Independent analyses of the presidential candidates' tax proposals show that those who make less than $250,000 a year would not see their taxes raised under Sen. Barack Obama's plans. Further, Obama would generally cut taxes more than Sen. John McCain would for households with incomes less than $100,000 a year.
McCain would cut taxes generally on par with Obama for those making $100,000 to $250,000 a year, the two analyses found, but those making $250,000 a year and above would usually pay less in taxes under McCain.
The analyses were conducted independently by the nonpartisan Tax Policy Center, a joint venture of the Urban Institute and the Brookings Institution, and Deloitte, the accounting giant, at the request of the New York Times.
McCain has been sounding the traditional Republican tax-cutting theme, trying to convince voters that Obama, the Democratic nominee, wants to increase taxes and spread the wealth like a socialist. Obama has been fighting those accusations in stump speeches and commercials
But the tax proposals are complicated, and tax bills are affected by personal variables. Analysts at the Tax Policy Center and Deloitte tried to explain the ramifications of the candidates' plans by applying their tax policies to various situations.
Still, Clint Stretch, Deloitte's managing principal of tax policy, said, "When Obama says he cuts taxes for every working family under $150,000, I'd say that's true."
Stevens declares, 'I've not been convicted'
"I've not been convicted yet," Alaska Republican Sen. Ted Stevens insisted Thursday in a meeting with the editorial board of the Fairbanks Daily News-Miner.
"There's not a black mark by my name yet, until the appeal is over and I am finally convicted, if that happens."
A federal court jury on Monday convicted Stevens on seven counts of lying on Senate disclosure forms to conceal more than $250,000 in gifts.
The conviction won't block Stevens from casting a vote for himself in Tuesday's election. State legal officials say that since he has not been sentenced yet, he is eligible to vote.
33.6-million watched Obama's long TV ad
Nielsen Media Research estimated that 33.6-million people watched Barack Obama's half-hour TV ad Wednesday night. The spot ran on CBS, NBC, Fox, BET, Univision, MSNBC and TV One, and aides said it cost the campaign roughly $4-million.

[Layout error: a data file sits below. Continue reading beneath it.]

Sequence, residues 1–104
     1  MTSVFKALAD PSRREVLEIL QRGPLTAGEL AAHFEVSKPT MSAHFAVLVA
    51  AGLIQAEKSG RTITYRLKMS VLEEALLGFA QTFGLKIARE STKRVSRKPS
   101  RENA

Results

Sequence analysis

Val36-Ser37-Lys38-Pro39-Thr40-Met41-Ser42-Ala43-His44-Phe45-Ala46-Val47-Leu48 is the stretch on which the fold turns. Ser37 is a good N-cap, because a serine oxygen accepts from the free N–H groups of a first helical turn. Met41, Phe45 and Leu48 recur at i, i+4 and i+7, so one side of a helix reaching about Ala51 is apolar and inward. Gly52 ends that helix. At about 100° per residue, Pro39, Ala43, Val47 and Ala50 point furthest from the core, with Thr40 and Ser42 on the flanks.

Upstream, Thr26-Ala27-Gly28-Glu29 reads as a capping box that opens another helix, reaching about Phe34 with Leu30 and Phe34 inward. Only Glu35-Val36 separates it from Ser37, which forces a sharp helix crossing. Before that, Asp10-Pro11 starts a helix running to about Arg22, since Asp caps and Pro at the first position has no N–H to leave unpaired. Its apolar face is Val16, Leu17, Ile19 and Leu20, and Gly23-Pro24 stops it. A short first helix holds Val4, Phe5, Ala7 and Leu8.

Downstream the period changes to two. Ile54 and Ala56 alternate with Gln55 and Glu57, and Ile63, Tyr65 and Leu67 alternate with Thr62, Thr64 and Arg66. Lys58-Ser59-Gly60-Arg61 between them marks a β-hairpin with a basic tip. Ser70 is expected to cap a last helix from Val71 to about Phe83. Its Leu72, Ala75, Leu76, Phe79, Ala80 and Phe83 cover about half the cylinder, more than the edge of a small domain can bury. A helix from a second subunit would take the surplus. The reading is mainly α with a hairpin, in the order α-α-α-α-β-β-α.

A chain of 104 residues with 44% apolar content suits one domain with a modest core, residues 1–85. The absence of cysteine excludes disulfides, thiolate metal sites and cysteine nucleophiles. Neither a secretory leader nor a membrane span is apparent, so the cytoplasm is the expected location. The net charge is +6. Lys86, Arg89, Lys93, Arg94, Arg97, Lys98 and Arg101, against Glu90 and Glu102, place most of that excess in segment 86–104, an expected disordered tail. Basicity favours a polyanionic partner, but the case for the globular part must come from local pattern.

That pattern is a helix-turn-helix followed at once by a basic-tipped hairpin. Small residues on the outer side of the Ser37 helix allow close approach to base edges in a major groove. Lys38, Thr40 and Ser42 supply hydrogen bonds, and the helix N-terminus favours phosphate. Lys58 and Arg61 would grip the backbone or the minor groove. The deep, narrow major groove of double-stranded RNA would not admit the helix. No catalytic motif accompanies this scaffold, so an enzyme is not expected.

ABC did not run Obama's commercial, instead showing Pushing Daisies, which was slightly helped by the lack of entertainment competition. The drama was seen by 6.6-million people; its season average is 5.9-million.
Toward the end of his 1992 campaign for president, Ross Perot ran a half-hour infomercial that was watched by 22.7-million people, according to Nielsen.
The candidate also proved a late-night draw on Wednesday. The Daily Show on Comedy Central had a record 3.6-million viewers, shattering the show's previous mark by 700,000 viewers - set when Obama's wife appeared.
Rep. Emanuel asked about Obama position
Obama's campaign has approached Illinois Rep. Rahm Emanuel about possibly serving as White House chief of staff, officials said Thursday as the marathon presidential race entered its final stretch. Emanuel is a veteran of President Bill Clinton's White House, and has made a rapid ascent of the House leadership ladder since his election to Congress. He was chairman of the Democratic campaign committee two years ago when the party won a majority for the first time in more than a decade. Both Obama and McCain have authorized their staffs to begin transition operations in recent weeks. As far as is known, no job offers have been made by either.
Joe the Plumber signs on with publicity team
Like all good celebrities, Joe the Plumber has hired a publicity team. The Press Office in Nashville, where clients include rockers Grand Funk Railroad and Eddie Money, will help him handle the flood of interview and appearance requests that have poured in since he was mentioned during a presidential debate and quickly became a household name.
Despite rumors to the contrary, he's not planning to release an album, though a book is in the works.
Joe the Plumber, better known as Samuel "Joe" Wurzelbacher, 34, of Ohio, gained national attention after Obama told him during a campaign stop that he wanted to "spread the wealth around" and McCain repeatedly cited Joe the Plumber in a debate.